With growing unrest in the Southeast Asia part of the world, it is only natural to see growing militaries. The nation of Indonesia has long relied on foreign suppliers to stock its military inventory but has since moved to take advantage of its burgeoning defense network. Case in point, the Indonesian government secured a purchase for several thousand Belgian Fabrique Nationale FN FNC assault rifles. This then turned to become a license-production effort of the slightly revised "SS1" line which, in turn, became the improved SS2 family of automatic weapons. Additionally, the Indonesian military relied on the M16 assault rifle as well. All were gas-operated firearms chambered for the 5.56x45mm NATO standard cartridge. Operational use and production of said systems naturally allowed Indonesian engineers to formulate their own ideas for improving on the assault rifle concept "in-house".
With the SS1 now an outgoing commodity and the SS2 slowly replacing it in number, PT Pindad has moved ahead with developing the SS2 into a "bullpup" configured assault system. The bullpup configuration is the latest firearms craze and has seen consistent growth in various military applications since. The bullpup arrangement essentially relocated the magazine feed to the rear of the weapon and is integrated into the stock. The resulting design is often times shorter than a traditionally-designed assault rifle while still being able to retain a full-length barrel within a more compact housing. Experts point to the benefits of the bullpup automatic weapon as improving on several concepts not inherent in traditional rifle designs. One such benefit is the portability and relatively lightweight nature of bullpup firearms. The operator also can manage the weapon close to his/her body and this improved close-quarters combat to an extent. However, purists argue that automatic fire suffers from noticeable muzzle climb and the ejection port is placed dangerously close to the operator's face in most cases, largely favoring right-handed shooters. In any case, the bullpup configuration is seeing more and more widespread use throughout the militaries of the world - a definite shift from the firearms norm begun during the latter years of World War 2.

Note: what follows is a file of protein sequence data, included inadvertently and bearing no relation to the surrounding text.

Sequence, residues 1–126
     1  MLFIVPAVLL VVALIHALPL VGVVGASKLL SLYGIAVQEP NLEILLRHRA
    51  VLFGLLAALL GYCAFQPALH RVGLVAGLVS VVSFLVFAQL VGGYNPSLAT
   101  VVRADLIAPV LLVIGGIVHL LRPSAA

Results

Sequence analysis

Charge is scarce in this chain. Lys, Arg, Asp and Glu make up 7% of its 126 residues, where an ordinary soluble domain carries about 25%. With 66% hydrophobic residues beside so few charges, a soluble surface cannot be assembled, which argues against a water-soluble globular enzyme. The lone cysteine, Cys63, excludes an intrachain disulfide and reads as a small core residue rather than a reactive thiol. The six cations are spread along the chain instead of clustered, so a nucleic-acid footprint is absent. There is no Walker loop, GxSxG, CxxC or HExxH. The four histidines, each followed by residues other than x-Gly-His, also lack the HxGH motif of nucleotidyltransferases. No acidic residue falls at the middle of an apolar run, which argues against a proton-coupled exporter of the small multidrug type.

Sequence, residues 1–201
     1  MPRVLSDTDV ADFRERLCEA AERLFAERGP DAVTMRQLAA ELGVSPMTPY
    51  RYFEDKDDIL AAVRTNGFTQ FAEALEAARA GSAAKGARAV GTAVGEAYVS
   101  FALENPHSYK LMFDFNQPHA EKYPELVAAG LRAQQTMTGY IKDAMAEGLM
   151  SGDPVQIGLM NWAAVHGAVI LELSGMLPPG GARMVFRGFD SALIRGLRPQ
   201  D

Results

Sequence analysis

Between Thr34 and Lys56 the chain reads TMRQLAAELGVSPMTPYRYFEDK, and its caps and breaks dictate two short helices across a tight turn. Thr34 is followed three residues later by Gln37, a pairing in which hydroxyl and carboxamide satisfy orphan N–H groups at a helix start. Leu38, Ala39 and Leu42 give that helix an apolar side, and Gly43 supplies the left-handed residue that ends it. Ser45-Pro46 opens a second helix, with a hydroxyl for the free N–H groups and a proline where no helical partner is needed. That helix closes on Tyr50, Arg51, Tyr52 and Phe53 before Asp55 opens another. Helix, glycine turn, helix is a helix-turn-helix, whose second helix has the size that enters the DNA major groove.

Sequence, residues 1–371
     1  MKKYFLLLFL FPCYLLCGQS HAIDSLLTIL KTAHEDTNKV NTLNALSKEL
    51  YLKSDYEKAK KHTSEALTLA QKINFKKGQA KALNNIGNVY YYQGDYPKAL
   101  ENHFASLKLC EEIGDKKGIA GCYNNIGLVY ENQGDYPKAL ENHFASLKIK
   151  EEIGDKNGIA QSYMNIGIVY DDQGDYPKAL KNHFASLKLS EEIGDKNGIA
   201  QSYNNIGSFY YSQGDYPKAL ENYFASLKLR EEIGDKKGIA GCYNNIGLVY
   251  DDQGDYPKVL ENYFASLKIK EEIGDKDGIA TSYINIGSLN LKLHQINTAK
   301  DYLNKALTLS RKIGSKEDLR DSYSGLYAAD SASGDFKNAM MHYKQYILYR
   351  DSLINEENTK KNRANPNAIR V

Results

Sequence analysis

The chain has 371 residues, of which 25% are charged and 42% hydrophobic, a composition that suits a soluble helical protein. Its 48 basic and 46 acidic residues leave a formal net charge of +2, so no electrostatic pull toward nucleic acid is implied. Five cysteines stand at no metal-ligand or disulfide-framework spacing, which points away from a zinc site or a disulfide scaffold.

With that said, the SS3 bullpup is intended as a standard assault rifle and is currently in the late stages of its development. Limited production has begun as of 2012 and the SS3 largely retains the functionality of the SS2 series before it. It is chambered for the 5.56x45mm NATO standard round and utilizes a gas-operated, rotating bolt function while feeding from STANAG-type magazines. A Picatinny rail system has been implemented along the top of the receiver for the use of accessories and scopes. Traditional adjustable iron sights are standard however. It remains to be seen the level of exposure and success that the SS3 will have within the Indonesian military and the export market as a whole.